Thursday, April 29, 2010

Plastic Bag (Green Humour from Future States)

It's been a hectic few weeks at the Dhaba, and I need a day off from essay writing!  So here's a video about a lonely plastic bag, blowing through America, looking back on his long, long life.  Existential might be a word you'd use in connection with this video--or just wacky.  Either way, I think you'll agree it's funny.
(If you are looking for something serious about trash, check out these posts.)

I think laughter is one of the finer things in life, and sometimes we don't get enough with all the serious stuff going on.  This video was courtesy of a tip from Apurva Mathad, who has some interesting photos up here.  

If you've got a funny, green link to share, why not send it our way?  You can mail us here!

Tuesday, April 27, 2010

Paper versus Electronic: the real secret of "green reading"

If you came here looking for some good, green books to read, check out our "review" page; today's post is not about what to read.  (Neither, by the way, is it about whether to read: we assume that reading is a good thing because it tends to make people smarter; and we'll need a lot more smart people if we are ever going to solve the world's problems).

Yes, reading is good, but there is a price to pay for most things in life--even the good ones.  Today we'll look at the environmental impact of the written word. 

Most of us grew up reading things printed on paper.  And environmentally concerned people usually agree it's bad to waste paper, because wasting is bad and because paper making--even recycled paper making--requires some trees and a lot of energy.  Most also agree it's best to re-use paper whenever possible and to recycle it otherwise--and that whenever possible, we should avoid using any paper at all

But is "paperless reading"  really "green reading," as many assume? It is true that paper making requires large, foul-smelling factories and dead trees or other plants. But the paper itself is recyclable and bio-degradable.    And unless you are curling up at night with a book written on stone tablets or sheet metal, your paperless reading is almost certainly going to require electronic devices, power-hungry computer servers, and other things made of non-renewable resources that will eventually end up buried in the ground.

What to do? A thorough analysis of these questions requires a research team that we don't have a budget for. So we've outsourced the job to the net.  We'll look at three paperless alternatives to see how they compare to traditional methods of reading: on-line reading, electronic books, and electronic newspapers.

On-line reading: free with cost.
Since we did the research for this post on-line, it makes sense to start with on-line reading.  After paying the cost of our internet connection, going on-line is typically "free."  But of course, the internet uses a lot of energy.  The question is, how much?  Being a virtual dhaba, we'd like to think we have a limited ecological footprint.  But the truth, according to this article in the New Scientist, is not quite so rosy.  James Clarage looks at one part of the internet, Google:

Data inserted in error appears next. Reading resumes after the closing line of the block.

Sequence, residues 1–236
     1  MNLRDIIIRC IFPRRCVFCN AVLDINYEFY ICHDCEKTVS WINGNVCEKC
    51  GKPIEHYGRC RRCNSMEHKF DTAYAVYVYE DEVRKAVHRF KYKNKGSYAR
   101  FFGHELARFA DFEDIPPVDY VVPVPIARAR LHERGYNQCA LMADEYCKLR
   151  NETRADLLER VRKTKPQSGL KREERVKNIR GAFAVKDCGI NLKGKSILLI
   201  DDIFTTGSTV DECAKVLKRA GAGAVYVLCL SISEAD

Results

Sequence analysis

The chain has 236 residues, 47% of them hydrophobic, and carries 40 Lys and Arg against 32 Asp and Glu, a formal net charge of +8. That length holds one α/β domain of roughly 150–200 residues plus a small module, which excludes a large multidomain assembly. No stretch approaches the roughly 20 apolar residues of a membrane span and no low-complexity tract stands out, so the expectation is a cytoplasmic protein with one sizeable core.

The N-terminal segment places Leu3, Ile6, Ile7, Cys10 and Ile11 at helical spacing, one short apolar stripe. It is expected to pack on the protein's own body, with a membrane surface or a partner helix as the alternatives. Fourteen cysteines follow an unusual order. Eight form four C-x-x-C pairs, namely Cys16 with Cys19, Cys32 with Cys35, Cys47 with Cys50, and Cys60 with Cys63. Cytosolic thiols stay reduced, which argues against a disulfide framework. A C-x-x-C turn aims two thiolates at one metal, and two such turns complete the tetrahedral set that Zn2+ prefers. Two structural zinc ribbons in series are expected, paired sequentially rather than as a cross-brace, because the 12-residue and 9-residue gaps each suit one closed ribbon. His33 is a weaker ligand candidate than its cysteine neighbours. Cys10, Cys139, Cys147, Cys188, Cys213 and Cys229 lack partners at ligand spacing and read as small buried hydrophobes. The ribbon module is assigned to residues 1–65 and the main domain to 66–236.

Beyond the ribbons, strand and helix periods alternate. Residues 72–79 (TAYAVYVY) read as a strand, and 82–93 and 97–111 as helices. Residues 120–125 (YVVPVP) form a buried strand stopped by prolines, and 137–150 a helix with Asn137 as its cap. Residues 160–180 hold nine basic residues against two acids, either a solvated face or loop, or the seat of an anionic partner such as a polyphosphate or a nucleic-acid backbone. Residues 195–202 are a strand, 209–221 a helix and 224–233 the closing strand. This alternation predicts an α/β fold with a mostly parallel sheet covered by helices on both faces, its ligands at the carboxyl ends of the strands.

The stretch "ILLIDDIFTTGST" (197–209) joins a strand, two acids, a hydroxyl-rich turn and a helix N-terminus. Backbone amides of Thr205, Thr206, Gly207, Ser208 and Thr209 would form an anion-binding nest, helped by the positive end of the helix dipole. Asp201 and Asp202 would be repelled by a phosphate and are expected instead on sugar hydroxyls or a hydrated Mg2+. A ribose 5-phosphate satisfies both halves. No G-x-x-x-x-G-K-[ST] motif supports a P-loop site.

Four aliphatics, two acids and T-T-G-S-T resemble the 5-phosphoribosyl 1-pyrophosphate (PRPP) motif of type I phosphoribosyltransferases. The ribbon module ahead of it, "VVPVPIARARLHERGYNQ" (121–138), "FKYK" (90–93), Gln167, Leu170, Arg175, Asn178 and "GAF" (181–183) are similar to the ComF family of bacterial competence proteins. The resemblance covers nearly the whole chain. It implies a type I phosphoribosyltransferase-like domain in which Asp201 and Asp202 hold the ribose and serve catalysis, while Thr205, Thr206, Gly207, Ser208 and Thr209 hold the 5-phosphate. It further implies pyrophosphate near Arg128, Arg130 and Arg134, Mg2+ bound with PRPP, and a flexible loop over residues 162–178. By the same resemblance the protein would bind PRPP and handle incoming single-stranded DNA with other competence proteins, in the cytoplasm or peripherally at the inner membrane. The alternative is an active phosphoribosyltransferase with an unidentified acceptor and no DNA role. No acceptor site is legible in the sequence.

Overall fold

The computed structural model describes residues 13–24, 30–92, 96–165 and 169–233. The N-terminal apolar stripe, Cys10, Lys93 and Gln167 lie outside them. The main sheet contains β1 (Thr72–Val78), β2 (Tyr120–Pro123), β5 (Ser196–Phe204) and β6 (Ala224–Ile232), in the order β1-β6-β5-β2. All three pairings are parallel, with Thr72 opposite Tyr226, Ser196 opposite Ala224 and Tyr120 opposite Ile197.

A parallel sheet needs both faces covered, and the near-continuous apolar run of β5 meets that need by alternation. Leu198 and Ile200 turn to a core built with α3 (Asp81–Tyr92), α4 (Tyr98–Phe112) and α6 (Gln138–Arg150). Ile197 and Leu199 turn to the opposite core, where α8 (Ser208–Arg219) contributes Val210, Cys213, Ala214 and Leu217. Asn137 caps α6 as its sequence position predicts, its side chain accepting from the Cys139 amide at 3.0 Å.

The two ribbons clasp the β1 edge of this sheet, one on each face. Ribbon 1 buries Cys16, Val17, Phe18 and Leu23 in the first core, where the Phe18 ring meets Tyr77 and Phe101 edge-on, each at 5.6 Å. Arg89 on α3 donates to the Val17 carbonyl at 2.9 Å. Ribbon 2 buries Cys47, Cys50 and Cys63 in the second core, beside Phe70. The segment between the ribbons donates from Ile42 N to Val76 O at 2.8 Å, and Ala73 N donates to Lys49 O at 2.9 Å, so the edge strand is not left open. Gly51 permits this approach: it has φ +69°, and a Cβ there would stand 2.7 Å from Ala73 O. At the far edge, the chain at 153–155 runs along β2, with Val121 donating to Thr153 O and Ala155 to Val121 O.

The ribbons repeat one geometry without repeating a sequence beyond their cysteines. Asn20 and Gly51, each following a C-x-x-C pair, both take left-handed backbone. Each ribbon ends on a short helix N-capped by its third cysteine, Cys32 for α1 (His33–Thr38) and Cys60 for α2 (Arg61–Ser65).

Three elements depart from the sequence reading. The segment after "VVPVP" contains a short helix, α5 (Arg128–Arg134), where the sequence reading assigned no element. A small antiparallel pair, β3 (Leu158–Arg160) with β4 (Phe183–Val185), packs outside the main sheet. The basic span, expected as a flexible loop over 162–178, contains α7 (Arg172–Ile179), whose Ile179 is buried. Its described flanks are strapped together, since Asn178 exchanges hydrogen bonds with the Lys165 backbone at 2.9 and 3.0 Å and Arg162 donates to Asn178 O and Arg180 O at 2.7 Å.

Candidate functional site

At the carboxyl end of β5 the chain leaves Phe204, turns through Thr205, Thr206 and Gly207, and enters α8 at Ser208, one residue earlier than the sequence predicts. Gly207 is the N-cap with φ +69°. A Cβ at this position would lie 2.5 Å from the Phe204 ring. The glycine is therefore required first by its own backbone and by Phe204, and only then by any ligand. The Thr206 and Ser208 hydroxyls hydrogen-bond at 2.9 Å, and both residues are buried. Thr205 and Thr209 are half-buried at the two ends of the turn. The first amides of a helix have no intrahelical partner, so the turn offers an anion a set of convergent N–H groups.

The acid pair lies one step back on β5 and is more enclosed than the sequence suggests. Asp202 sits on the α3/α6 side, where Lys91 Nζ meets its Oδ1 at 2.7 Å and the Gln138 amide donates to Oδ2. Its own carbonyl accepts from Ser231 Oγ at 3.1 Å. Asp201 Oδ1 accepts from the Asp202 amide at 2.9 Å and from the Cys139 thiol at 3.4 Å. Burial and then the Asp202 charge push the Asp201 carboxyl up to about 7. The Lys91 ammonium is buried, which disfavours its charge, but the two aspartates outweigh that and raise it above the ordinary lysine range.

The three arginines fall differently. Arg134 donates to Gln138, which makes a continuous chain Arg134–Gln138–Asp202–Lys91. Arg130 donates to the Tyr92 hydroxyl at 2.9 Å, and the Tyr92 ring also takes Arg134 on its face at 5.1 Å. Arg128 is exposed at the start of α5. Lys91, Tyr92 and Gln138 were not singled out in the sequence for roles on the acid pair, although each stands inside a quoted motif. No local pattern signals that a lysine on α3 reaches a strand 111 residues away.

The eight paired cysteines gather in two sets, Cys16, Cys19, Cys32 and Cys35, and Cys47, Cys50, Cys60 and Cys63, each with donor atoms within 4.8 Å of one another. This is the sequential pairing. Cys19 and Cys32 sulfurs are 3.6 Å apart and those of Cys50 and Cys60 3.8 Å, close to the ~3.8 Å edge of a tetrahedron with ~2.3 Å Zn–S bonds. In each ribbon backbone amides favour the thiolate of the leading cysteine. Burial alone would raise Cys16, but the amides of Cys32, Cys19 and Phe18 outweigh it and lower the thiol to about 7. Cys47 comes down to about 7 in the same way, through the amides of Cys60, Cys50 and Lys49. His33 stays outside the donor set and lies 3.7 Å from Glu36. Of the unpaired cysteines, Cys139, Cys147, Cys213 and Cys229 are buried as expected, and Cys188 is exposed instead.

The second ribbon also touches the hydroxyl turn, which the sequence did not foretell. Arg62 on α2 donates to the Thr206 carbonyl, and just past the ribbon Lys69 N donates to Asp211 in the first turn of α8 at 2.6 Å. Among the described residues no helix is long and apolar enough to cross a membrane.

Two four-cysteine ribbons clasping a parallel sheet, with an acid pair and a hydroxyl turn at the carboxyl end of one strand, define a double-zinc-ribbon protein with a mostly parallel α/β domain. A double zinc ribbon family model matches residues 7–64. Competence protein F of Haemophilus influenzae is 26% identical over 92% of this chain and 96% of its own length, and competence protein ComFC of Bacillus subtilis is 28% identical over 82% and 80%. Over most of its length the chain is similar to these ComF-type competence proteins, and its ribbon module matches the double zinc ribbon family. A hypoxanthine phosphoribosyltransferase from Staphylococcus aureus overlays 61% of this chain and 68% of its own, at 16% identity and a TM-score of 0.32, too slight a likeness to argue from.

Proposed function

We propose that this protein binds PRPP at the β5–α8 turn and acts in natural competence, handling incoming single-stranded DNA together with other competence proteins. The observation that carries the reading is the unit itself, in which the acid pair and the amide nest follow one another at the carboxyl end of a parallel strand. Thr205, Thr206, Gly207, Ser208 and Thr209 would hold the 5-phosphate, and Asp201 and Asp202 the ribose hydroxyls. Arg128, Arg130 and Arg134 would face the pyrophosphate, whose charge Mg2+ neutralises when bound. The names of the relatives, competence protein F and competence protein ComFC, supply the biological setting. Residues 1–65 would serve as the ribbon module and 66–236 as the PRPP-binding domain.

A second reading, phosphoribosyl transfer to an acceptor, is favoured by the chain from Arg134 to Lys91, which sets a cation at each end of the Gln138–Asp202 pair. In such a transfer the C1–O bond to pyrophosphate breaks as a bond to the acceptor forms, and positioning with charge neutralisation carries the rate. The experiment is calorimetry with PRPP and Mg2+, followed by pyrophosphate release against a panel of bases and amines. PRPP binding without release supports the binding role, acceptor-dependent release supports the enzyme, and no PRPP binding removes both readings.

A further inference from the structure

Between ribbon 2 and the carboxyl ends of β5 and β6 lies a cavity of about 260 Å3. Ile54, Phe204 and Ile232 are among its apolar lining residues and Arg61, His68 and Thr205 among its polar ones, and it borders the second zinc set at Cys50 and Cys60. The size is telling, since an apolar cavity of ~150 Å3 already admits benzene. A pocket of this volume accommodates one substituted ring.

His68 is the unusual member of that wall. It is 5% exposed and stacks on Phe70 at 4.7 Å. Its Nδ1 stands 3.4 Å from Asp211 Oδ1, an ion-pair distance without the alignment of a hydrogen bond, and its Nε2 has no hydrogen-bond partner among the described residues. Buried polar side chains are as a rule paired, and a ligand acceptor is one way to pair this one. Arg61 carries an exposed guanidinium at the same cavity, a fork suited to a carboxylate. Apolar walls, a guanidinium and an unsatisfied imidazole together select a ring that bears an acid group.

"The term search "engine" is apt. Searches are powered by millions of computers packed into warehouses, all wired together to function as a single system. Like any system, it obeys the laws of thermodynamics, and therefore wastes energy."
OK, but how much energy does Google use? A large amount, according to Clarage:
"IT research firm Gartner estimates Google's data centres contain nearly a million servers, each drawing about 1 kilowatt of electricity. So every hour Google's engine burns through 1 million kilowatt-hours. Google serves up approximately 10 million search results per hour, so one search has the same energy cost as turning on a 100-watt light bulb for an hour."
Of course the internet is more than just Google. And it takes a lot of google searches to add up to an hour of AC use or even a drive through your city, to say nothing of an airline flight. Certainly there is a great benefit to having information widely available at a relatively low cost.  But these numbers do suggest that the "information superhighway" may be like a highway in more ways than Al Gore imagined when he popularized the term.   Both kinds of highways, as it turns out, contribute to more than just movement of people, goods and ideas; they contribute to pollution as well.

E-Book Versus Book:
So what about e-books? Well, I've never actually used one to read, and I can't imagine they'd be as much fun as an old fashioned book.  Still, a lot of people like their Kindles and iPads.  For an interesting discussion on that, see what Bhagwad has to say, here.  As for the actual ecological costs of e-books versus traditional books, a recent piece in the New York Times looked at the numbers in detail to answer the question, "how many volumes do you need to read on your e-reader to break even?"  Here are their conclusions:
"With respect to fossil fuels, water use and mineral consumption, the impact of one e-reader payback equals roughly 40 to 50 books...When it comes to global warming, though, it’s 100 books; with human health consequences, it’s somewhere in between...All in all, the most ecologically virtuous way to read a book starts by walking to your local library."
So I guess that's what you call a split decision.  Still, I confess I did not expect e-books to do so well.

Dead tree newspapers vs. on-line ones